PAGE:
The man with the golden boot ... and soul
A Bermudian teenager walked down the players tunnel at the venerable Upton Park football stadium in East London on the afternoon of August 25, 1969, and emerged on to the stage of history. Demonstrating a composure entirely beyond his years, the diffident but iron-nerved 18-year-old made his English Football League debut that day as West Ham United battled North London rivals Arsenal to a hard-fought 1-1 draw.
The first division game drew some 39,590 spectators to the West Ham home ground, a crowd approximately fourth-fifths the size of the population of Clyde Best’s native island at the time.
Despite his unfamiliarity with his arena-scaled new environment and never having played a match at this level before, the tall, solidly built young Bermudian acquitted himself with great credit in his first outing as a professional footballer.
And just three weeks later, he had both confirmed and exceeded the talentspotters’ expectations for him when they signed the former Somerset Trojans striker for the English club after a series of outstanding performances in Concacaf tournament matches and at the 1967 Pan American Games, where Bermuda claimed a silver medal.
On September 3, 1969, Best scored his first goal for his new club, in a League Cup game against Halifax Town, which West Ham handily won 4-2.
It was the first of 58 goals that Best racked up for West Ham over the course of 221 games and seven seasons. By 1971-72, his standout season, Best was firmly established as a fan favourite at Upton Park and had become a household name in Britain.
His glorious partnership with fellow striker Geoff Hurst, the only man ever to score a hat-trick in a World Cup final, during England’s 1966 4–2 victory over West Germany after extra time, flowered fully that year and remains the stuff of footballing legend. As a result of that subtle and sublime collaboration, Best played in all 56 league and cup matches that season, putting 23 goals into the back of the net.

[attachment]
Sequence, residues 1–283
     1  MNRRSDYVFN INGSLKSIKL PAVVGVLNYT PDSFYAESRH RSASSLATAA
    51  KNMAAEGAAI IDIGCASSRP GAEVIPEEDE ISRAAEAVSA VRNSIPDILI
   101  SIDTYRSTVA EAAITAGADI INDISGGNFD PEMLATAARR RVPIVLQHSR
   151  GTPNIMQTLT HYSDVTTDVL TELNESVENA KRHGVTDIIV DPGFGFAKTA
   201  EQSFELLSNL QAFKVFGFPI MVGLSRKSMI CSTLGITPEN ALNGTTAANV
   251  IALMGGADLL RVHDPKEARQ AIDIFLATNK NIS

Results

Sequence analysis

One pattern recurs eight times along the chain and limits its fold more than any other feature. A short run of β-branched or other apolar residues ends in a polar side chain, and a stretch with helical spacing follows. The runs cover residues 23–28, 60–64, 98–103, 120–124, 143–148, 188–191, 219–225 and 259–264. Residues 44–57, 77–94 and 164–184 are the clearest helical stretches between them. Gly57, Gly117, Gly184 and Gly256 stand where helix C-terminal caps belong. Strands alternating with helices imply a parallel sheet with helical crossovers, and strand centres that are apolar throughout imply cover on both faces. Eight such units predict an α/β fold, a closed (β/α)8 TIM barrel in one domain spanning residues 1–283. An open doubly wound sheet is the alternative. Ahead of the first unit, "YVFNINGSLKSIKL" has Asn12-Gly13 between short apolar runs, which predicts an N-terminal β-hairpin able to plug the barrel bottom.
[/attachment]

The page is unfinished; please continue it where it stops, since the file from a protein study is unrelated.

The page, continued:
But it wasn’t just his prowess as a player that made Best a footballing legend. While he certainly wasn’t the first black foreigner in English football — pioneers such as Jamaican-born Lindy Delapenha and South African Albert Johanneson had preceded him — Best had by far the highest profile and most enviable reputation. So, perhaps unavoidably, he became a hugely inviting target for racist abuse from the terraces of opposing teams — and sometimes even from opposing players.
The Barclays Premier League, successor to the old first division that Best played in, is now the most racially and culturally diverse league in European football.
But that hasn’t long been the case.
Although Britain has boasted a not insignificant Afro-Caribbean population since the immediate postwar era, blacks were statistically underrepresented for decades in football, as in many other areas of sporting, business and cultural life.
Interviewed for a major report on residual racism in English football by The Guardian in 2012, Best was cited as the only black footballer playing regularly in the first division in the early 1970s.